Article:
Searching over 5,500,000 cases.

Buy This Entire Record For $7.95

Download the entire decision to receive the complete text, official citation,
docket number, dissents and concurrences, and footnotes for this case.

Learn more about what you receive with purchase of this case.

United States v. Shabani Khamisi Jabu

November 5, 2012


The opinion of the court was delivered by: Matsumoto, United States District Judge:


On September 20, 2012, defendant Shabani Khamisi Jabu, a native Swahili-speaker from Tanzania, moved to suppress certain custodial post-arrest statements made by him, arguing that he was never advised of his Miranda rights in a fashion that he could fully understand because he does not speak English. (ECF No. 12, Notice of Motion dated 9/20/12.) The government opposed the motion, and a suppression hearing was held on October 19, 2012 regarding the circumstances under which Mr. Jabu made the challenged post-arrest statements to law enforcement. (Docket entry dated 10/19/12.)

Additionally, in accordance with the court's order at the October 19, 2012 suppression hearing, on October 22, 2012, the government confirmed that a certain Homeland Security "checklist" document, discussed in detail below, was discarded by the government's witness, Special Agent Carlos Soto. (ECF No. 20, Gov't Ltr dated 10/22/12.) The record for the suppression hearing was deemed closed, given that defendant did not request it to remain open, and the motion is ripe for decision.

For the following reasons, after hearing the testimony of Special Agent Carlos Soto, which the court finds to be credible in all respects, and reviewing the parties' respective submissions and exhibits admitted into evidence at the suppression hearing, the court finds that Mr. Jabu knowingly, intelligently, and voluntarily waived his Miranda rights. The challenged post-arrest statements are thus admissible and Mr. Jabu's motion to suppress is denied.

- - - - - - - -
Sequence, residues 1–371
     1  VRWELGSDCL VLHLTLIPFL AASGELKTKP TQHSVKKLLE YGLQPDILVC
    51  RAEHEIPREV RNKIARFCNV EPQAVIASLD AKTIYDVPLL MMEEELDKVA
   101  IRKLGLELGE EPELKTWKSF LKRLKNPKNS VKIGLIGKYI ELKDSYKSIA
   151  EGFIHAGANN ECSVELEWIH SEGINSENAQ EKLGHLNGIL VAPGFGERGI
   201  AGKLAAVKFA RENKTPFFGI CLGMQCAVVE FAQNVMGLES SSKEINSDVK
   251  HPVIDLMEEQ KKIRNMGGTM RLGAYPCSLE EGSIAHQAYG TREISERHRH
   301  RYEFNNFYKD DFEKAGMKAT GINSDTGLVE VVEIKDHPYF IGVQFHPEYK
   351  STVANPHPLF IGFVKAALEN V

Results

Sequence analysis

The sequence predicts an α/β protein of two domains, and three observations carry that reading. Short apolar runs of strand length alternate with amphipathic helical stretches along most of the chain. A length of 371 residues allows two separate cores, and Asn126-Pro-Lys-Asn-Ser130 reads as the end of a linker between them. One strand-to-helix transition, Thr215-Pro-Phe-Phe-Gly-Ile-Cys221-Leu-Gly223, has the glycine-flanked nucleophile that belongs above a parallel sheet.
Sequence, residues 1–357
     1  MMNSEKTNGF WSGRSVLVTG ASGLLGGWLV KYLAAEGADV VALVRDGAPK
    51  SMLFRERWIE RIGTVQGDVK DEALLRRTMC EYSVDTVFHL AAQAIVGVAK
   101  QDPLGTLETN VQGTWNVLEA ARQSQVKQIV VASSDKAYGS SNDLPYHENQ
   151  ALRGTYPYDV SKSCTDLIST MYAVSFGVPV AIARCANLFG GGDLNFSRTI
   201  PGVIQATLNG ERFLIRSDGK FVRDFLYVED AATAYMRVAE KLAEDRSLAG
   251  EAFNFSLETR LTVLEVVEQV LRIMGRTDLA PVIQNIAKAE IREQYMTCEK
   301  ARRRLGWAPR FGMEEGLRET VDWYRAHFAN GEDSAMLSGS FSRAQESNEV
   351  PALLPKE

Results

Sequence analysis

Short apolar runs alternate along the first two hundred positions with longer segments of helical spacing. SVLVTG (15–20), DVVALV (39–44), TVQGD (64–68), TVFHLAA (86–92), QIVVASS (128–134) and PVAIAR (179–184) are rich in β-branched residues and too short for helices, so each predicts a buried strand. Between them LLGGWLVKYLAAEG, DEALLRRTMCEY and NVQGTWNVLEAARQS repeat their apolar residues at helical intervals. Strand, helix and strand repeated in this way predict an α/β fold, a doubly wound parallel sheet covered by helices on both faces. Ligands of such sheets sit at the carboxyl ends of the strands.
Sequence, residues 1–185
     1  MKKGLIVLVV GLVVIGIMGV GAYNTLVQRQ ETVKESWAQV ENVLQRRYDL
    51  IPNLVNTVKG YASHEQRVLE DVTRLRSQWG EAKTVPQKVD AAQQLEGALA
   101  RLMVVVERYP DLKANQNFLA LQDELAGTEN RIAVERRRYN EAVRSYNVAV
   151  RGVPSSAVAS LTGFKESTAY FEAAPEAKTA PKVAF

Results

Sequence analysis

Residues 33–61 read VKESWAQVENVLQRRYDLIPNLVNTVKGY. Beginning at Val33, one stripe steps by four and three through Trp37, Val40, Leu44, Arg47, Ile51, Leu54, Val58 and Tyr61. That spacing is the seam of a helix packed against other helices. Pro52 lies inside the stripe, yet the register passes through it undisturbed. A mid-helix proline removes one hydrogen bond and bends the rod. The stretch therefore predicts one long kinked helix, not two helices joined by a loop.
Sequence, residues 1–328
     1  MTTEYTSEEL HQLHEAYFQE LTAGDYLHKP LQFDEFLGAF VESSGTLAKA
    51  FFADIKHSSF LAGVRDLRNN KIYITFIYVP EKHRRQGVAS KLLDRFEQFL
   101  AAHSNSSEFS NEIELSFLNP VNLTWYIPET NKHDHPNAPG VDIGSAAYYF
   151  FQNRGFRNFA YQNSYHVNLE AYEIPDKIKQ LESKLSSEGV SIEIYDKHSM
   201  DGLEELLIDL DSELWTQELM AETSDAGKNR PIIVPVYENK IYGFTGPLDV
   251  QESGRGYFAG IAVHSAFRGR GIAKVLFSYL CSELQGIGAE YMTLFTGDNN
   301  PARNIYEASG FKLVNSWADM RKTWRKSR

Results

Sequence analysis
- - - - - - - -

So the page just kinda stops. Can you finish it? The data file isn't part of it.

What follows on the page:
Although the testimony at the suppression hearing did not address the events precipitating Mr. Jabu's arrest at JFK Airport, the court heard from Special Agent Carlos Soto ("Agent Soto") from the Department of Homeland Security, Homeland Security Investigations. (Tr. at 4-5.) Agent Soto testified under oath that at approximately 5:30 p.m. on June 17, 2012, he was alerted by Customs and Border Protection ("CBP") Officer Massimo to Mr. Jabu's presence in a holding area of Terminal One of JFK Airport. (Id. at 6-7, 25-26, 64.) Mr. Jabu had been arrested by CBP Officers on June 17, 2012 at JFK airport after a flight arriving from Paris, France. (Id. at 6-8.)

Agent Soto testified that he was lead case agent responsible for conducting the interview of Mr. Jabu. (Id. at 9.)

He testified that he and his partner, Special Agent John LaBatt (together, the "HSI Agents"), arrived at the area in which Mr. Jabu was detained, which was Terminal One of JFK airport, at approximately 5:50 p.m. on June 17, 2012. (Id. at 9, 26.)

Upon arrival, Agent Soto first spoke to CBP Officer Massimo and asked if Mr. Jabu spoke English, and Officer Massimo responded "yes." (Id. at 7-8, 64.) Agent Soto testified that he asked this question to ascertain if an interpreter was required in order to interview Mr. Jabu, in accordance with HSI Department standard practices. (Id. at 8-10.) Agent Soto also testified to the methods he would have used to secure an interpreter's services had he believed one was necessary, and the fact that Agent Soto had previously used interpreters to interview non-English speaking individuals. (Id. at 10, 50-51.) Agent Soto himself speaks English and a little Spanish. (Id. at 22.)